The subsequent litigation between Pleau, Chafee, and the United States revealed a conflict between two procedural mechanisms--the Interstate Agreement on Detainers Act (IAD) and the writ of habeas corpus ad prosequendum--that had been simmering for decades. (5) Initially, the government had requested custody of Pleau under the IAD, which expressly provides governors with the right to deny such requests; a governor had simply never invoked the provision before Chafee. (6) The United States then attempted to compel Pleau's transfer by obtaining a writ ad prosequendum, which had previously always been understood as a mandatory court order. (7) In United States v. Pleau, the First Circuit--forced to choose which procedural mechanism to enforce--ultimately enforced the writ ad prosequendum over the IAD, requiring Rhode Island to transfer Pleau for federal prosecution. (8) Nevertheless, the potential for conflict between the writ ad prosequendum and IAD remains outside the First Circuit, and resolving this conflict presents a unique question of federalism. (9)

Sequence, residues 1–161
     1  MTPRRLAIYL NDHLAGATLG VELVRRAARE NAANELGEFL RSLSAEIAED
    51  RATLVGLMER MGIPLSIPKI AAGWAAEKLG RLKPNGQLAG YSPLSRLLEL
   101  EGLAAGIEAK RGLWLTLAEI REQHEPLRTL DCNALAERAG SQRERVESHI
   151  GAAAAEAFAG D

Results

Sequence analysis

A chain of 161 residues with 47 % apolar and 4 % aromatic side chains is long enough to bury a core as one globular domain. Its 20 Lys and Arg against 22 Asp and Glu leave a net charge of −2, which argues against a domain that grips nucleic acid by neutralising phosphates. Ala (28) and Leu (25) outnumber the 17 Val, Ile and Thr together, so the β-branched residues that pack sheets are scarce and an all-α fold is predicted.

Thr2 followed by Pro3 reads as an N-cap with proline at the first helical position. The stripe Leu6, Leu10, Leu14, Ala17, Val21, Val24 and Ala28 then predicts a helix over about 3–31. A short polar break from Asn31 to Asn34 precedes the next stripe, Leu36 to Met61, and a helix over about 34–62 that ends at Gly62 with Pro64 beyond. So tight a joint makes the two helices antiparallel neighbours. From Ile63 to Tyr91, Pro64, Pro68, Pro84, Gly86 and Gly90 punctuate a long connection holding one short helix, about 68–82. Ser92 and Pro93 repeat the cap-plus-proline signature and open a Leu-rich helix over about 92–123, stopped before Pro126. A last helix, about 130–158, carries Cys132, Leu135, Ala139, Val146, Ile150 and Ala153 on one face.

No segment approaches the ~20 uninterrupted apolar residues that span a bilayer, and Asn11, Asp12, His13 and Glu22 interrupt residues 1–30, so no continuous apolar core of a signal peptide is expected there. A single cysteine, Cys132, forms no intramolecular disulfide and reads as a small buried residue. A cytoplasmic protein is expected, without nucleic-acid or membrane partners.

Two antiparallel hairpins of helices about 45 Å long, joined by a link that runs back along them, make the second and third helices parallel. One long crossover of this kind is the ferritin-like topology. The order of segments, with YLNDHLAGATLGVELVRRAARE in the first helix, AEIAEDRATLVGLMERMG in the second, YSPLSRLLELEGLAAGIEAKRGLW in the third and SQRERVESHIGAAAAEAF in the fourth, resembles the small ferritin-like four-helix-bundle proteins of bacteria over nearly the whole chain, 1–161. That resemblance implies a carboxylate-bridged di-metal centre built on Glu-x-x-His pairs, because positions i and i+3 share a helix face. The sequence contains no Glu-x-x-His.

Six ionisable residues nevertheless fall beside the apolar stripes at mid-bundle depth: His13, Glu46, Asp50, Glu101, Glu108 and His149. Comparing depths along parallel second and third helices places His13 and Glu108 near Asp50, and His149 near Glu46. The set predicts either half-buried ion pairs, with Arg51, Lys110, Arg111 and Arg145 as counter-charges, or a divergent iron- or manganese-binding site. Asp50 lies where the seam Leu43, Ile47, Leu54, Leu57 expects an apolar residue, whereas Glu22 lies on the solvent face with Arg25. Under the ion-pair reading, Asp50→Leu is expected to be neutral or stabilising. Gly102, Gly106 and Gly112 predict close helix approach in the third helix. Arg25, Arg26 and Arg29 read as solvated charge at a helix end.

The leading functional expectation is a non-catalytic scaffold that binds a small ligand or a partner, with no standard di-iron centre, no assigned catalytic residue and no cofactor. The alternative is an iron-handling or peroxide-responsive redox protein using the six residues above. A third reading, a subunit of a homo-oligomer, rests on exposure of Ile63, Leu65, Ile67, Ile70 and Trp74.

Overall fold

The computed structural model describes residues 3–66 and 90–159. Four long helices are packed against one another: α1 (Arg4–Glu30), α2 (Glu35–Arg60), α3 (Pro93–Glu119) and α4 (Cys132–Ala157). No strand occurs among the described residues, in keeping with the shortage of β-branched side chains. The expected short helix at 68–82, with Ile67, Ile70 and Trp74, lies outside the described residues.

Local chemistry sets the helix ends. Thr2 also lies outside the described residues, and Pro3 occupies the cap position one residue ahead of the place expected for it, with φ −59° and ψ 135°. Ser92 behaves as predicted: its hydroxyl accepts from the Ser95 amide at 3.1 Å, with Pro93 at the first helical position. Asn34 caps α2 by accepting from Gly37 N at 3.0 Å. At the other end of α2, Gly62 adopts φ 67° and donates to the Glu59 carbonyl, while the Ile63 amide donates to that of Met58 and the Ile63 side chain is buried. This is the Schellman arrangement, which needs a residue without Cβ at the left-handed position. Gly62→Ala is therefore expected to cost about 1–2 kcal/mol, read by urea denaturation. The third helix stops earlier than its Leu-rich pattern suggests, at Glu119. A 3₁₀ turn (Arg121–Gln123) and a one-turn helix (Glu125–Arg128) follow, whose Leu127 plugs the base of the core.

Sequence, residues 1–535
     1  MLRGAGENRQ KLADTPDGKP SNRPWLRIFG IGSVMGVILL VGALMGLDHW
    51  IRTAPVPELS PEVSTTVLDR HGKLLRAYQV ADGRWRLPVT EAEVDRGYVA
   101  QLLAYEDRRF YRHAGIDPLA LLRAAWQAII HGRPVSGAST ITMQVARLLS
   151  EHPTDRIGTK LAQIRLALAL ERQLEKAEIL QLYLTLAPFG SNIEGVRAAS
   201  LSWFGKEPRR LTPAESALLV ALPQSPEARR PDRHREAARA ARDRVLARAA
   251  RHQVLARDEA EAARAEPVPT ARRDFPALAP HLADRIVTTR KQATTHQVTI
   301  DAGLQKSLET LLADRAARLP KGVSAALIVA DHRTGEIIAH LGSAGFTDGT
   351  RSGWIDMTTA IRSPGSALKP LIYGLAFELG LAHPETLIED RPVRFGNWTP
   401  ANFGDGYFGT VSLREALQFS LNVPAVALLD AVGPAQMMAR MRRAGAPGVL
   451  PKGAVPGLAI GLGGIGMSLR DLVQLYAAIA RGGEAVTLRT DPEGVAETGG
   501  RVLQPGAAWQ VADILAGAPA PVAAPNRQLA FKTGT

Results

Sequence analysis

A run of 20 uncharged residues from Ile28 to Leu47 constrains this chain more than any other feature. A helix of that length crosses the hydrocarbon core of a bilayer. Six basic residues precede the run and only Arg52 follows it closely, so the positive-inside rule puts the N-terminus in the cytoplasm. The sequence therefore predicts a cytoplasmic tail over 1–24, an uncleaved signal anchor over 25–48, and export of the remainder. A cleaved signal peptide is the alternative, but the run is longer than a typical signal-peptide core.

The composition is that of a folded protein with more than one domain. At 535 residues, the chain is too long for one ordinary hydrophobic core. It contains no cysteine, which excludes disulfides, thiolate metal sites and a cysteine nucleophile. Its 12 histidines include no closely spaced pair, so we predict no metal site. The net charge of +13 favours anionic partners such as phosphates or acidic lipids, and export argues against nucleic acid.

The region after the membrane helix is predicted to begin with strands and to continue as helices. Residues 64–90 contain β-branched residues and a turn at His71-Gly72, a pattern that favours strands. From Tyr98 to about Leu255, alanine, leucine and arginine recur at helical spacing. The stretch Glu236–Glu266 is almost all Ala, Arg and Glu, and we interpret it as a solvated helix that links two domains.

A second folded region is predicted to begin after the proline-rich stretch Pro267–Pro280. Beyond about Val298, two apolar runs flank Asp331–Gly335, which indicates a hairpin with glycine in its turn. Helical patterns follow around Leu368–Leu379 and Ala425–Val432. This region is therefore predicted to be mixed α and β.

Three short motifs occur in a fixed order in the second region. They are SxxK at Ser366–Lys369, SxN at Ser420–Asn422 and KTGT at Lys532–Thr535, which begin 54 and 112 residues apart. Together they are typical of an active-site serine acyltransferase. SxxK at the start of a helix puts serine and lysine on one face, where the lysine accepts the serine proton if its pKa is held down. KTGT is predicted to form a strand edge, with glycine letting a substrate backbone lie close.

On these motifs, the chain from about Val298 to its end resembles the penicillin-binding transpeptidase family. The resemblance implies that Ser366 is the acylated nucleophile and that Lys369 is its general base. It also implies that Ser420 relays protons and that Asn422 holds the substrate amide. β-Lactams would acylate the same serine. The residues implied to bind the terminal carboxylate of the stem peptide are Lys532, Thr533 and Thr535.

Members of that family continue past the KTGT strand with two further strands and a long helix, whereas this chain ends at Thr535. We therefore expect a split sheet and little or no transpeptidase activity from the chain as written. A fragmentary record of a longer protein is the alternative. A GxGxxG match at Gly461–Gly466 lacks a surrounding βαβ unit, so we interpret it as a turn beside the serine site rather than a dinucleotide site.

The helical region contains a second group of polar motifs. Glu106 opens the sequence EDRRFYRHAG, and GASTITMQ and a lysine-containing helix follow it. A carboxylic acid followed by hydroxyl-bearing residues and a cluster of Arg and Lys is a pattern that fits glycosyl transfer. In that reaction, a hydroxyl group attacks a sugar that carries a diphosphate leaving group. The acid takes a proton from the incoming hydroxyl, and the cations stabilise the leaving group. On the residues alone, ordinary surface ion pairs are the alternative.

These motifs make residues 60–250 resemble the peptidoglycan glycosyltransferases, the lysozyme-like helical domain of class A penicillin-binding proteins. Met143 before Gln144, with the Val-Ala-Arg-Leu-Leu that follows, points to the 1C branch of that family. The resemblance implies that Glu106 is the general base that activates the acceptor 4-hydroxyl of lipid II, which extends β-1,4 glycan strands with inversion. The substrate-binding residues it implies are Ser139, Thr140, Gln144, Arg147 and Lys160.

This Note analyzes that question, identifying the competing interests at stake and ultimately suggesting that upholding the IAD over the writ ad prosequendum would better preserve principles of federalism without eroding the federal government's prosecutorial prerogatives. (10) After laying out the basic operations and statutory foundations of the writ ad prosequendum and IAD in Part II.A, Part II.B details how courts have adopted inconsistent interpretations of the writ ad prosequendum and IAD, including the First Circuit's interpretation in Pleau. (11) Part II.C gauges the potential for further conflict between the writ ad prosequendum and IAD by considering how the federal death penalty implicates contentious issues of federalism. (12) Finally, Part III critiques the First Circuit's treatment of the IAD and writ ad prosequendum and argues that future courts addressing this issue should resolve the conflict between these two mechanisms by enforcing the IAD. (13)